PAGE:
Last Friday, the Mariners made the move to acquire lefty reliever James Pazos from the New York Yankees. While the move was a bit of a surprise (specifically the sudden sending away of breakout prospect Zack Littell), it was one of necessity: the departures of Charlie Furbush, Vidal Nuno, and Mike Montgomery over the past year have left the team without many left-handed options in the ‘pen.
Who the hell is James Pazos? Is he a legitimate upgrade to the bullpen or is he just another part of the pile? What does his repertoire look like? What are his strengths and weaknesses? Let’s take it question by question.
Where did he come from?
Pazos made multiple stops in his college career, pitching for Chandler-Gilbert Community College before moving on to the University of San Diego, where he was a teammate of Kris Bryant from 2011-2012. Pazos emerged as a dominant bullpen presence in his final year with the Toreros, striking out 63 while allowing just 15 earned runs and 38 hits in 63.0 IP.
The performance caught the eye of the New York Yankees, who proceeded to use their 13th-round pick on the big lefty in the 2012 MLB draft. Over the next few years, Pazos would slowly work his way up the system, operating in Class-A in 2013, High-A and Double-A in 2014, and Triple-A for a majority of 2015 before making his MLB debut during September 2015.
Last year, he tossed 27.1 innings in Triple-A before getting a second cup of coffee with the Yankees.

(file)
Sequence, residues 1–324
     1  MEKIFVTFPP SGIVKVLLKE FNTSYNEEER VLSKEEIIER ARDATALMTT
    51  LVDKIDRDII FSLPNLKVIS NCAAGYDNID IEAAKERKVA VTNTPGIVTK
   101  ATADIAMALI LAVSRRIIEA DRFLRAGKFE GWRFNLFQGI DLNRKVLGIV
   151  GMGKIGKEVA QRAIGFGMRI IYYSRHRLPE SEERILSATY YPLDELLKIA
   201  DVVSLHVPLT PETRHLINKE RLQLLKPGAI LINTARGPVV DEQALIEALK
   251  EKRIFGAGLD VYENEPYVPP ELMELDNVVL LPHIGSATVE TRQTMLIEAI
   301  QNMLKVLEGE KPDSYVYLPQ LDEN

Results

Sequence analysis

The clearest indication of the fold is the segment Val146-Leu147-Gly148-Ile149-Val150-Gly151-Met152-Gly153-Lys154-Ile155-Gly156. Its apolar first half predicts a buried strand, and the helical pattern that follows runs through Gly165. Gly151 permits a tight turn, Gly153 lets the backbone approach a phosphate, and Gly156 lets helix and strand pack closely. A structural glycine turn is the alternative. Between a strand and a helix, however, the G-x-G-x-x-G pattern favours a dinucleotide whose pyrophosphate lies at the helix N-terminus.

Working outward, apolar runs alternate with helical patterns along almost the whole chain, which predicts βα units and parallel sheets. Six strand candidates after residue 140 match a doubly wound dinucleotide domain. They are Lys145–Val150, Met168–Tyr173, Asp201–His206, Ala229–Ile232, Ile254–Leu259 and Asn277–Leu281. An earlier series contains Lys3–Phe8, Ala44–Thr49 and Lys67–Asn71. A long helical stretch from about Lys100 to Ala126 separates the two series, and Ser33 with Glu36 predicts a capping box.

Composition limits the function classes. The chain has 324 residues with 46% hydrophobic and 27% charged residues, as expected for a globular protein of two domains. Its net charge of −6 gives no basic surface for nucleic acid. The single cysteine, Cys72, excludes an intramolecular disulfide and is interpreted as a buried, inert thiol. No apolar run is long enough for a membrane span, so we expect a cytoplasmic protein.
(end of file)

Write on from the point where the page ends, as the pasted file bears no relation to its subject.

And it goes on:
How did he perform?
I’ll start this answer out by taking a cold, hard look at his numbers throughout his minor league career. (NOTE: I’m only looking at the larger samples. He had numerous short stints with certain levels due to injuries, quick promotions, etc...):
Aside from his 2013-14 stretch that saw him post a 2.16 BB/9, he’s posted fairly poor walk-rates wherever he’s gone. Perhaps the most discouraging part is that his worst mark–a ghastly 6.26 BB/9–came just this past season. That being said, he still managed an impressive FIP most years due to his spectacular ability to miss bats. In addition to his career-worst walk-rate this past year in Triple-A, he also posted a career-best strikeout-rate (13.50 K/9).
Some at-bats you’ll get strikeouts. Some at-bats you’ll get this:
Fixing his control issues, or at the very least putting a small, Hello Kitty-themed Band-Aid on them, will be pivotal in the future for both Pazos and the Mariners.
What does he throw?
Here is a breakdown from Brooks Baseball on what he was throwing on a game-by-game basis this past September:
We’re only looking at seven appearances and 3.1 innings here, but there is a consistency to the small sample: a four-seam fastball that sits in the mid-90s and a low-80s slider. He used the fastball roughly two-thirds of the time during his brief stint, as well, as it accounted for 65.52% of his pitches thrown.
John Sickels of Minor League Ball had this to say about Pazos in an article back in May:
He is part of the Yankees Middle Relief Prospect Corps, looking like a fine LOOGY with a 90-96 MPH fastball, a major league slider, and an occasional decent change-up. He’s tough for hitters to pick up and limits hits but his command is inconsistent and could prevent him from taking on a larger role. He could still last for years as a lefty bullpen option of course.
What role will he fill?
As suggested by Sickels in the paragraph above, Pazos is best suited for a LOOGY role at the moment. He’s shown the ability to get RHBs out in the past and the potential for him to be a regular setup man is there if the command issues get figured out, but for now a LOOGY role should suit him just fine. Other LHPs expected to compete for a job in Spring Training are Dean Kiekhefer, Paul Fry, and half of Pat Venditte.
Okay, but has he ever struck out Casey Kotchman?